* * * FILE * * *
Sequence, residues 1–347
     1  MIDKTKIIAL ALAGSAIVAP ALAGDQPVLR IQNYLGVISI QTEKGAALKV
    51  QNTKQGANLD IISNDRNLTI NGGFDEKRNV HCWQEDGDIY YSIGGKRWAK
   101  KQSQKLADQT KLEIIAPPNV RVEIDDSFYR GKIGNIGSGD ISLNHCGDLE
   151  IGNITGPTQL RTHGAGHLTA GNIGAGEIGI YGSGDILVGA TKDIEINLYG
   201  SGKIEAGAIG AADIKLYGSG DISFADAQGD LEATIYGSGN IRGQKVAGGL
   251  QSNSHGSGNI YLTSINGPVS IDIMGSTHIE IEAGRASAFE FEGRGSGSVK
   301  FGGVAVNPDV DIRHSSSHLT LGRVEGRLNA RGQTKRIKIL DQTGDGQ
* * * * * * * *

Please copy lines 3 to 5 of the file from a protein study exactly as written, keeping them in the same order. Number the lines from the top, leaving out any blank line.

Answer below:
    51  QNTKQGANLD IISNDRNLTI NGGFDEKRNV HCWQEDGDIY YSIGGKRWAK
   101  KQSQKLADQT KLEIIAPPNV RVEIDDSFYR GKIGNIGSGD ISLNHCGDLE
   151  IGNITGPTQL RTHGAGHLTA GNIGAGEIGI YGSGDILVGA TKDIEINLYG